Poorly performing colleges will have their funding cut and given to those that meet or exceed their educational targets under plans to make further education more efficient and responsive to learner needs.
The move would reconfigure FE funding as a needs-based rather than a demand-led system, said Geoff Russell, chief executive of the Learning and Skills Council.
"The people that have a low record of achievement for the students they put through can expect that we will allocate more money away from them," he said. "This means the money is going to providers that can do the best job."
Mr Russell said that judgments on quality might rest upon the numbers of people at each college who successfully complete the courses they started on.
"It means we assess the performance of our providers," he said.
Mr Russell said care would have to be taken to ensure that colleges were not penalised unfairly if, for example, they happen to educate lots of students from areas of high deprivation, who are statistically more likely to fail to complete their courses because of personal, financial and educational circumstances.
"We will take into account the student mix so there is some value added measure, plus we will be doing some kind of mystery shopping to assess how learners feel. The trick is applying that carefully," Mr Russell said.
The LSC transfers its funding duties to the Skills Funding Agency and local authorities from next April, and Mr Russell said he hopes to lay the ground work on funding for the council's successor bodies.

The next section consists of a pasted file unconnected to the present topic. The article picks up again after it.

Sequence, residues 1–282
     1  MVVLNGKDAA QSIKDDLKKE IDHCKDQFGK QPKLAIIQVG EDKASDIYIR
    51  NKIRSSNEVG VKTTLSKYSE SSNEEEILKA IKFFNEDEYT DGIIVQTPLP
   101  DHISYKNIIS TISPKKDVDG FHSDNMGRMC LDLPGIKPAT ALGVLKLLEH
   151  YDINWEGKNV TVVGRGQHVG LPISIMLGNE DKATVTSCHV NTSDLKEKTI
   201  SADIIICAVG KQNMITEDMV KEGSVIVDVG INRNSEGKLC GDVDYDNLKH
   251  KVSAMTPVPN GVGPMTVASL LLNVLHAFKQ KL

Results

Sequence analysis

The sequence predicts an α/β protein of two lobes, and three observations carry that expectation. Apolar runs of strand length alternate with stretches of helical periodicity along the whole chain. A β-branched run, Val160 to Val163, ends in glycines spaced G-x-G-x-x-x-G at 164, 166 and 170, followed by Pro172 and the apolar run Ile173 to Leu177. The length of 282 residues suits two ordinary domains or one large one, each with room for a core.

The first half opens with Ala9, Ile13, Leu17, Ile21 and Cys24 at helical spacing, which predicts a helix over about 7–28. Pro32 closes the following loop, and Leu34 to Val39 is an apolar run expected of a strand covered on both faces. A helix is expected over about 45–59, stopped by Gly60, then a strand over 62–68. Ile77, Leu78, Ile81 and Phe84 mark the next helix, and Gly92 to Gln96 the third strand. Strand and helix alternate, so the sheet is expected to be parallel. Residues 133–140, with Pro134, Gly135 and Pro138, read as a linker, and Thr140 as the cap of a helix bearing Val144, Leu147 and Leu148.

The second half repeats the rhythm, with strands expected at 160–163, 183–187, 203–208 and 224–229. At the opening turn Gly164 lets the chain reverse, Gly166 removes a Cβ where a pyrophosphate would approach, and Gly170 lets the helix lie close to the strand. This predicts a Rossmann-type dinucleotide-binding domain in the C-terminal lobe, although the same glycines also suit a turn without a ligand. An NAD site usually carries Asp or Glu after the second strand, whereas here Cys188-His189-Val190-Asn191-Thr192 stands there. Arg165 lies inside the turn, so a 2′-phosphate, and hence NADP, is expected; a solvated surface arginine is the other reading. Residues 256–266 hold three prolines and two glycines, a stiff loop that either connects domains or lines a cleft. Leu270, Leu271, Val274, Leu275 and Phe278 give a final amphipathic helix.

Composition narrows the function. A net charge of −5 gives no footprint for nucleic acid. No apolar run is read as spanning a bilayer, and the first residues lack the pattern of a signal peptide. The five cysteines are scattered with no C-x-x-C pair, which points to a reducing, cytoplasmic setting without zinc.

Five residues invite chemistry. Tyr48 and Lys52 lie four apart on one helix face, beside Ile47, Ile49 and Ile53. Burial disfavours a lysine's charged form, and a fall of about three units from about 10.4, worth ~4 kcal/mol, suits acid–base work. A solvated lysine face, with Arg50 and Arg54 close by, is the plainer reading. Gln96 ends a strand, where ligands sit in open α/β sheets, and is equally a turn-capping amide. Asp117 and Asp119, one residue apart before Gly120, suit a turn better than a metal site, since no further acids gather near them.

John Denham, the Skills Secretary, backed a harder line on funding in a letter to the LSC last week. He said the projected slower rate of growth in public spending meant FE had to take a longer-term view of how to deliver provision efficiently.
"I want to see more incentives for the development of courses and qualifications that meet strategic skills needs," Mr Denham said.
"In particular, I would like the council to take a robust approach to withdrawing funding from poorly performing providers and colleges."
He asked colleges to find pound;240m of efficiency savings in 2010-11. A further pound;100m is expected to come from the budgets of intermediary bodies and administration.
Asha Khemka, principal of West Nottinghamshire College, welcomed Mr Russell's proposals.
"There will be winners and losers," she said, "but as long as colleges have flexibility over provision and the system takes into account modular curricula and valued added measures, then I do not see why we should not have performance-based recognition.
"We have to drive standards up and if this challenges weaker providers to improve their performance, then it is a good thing."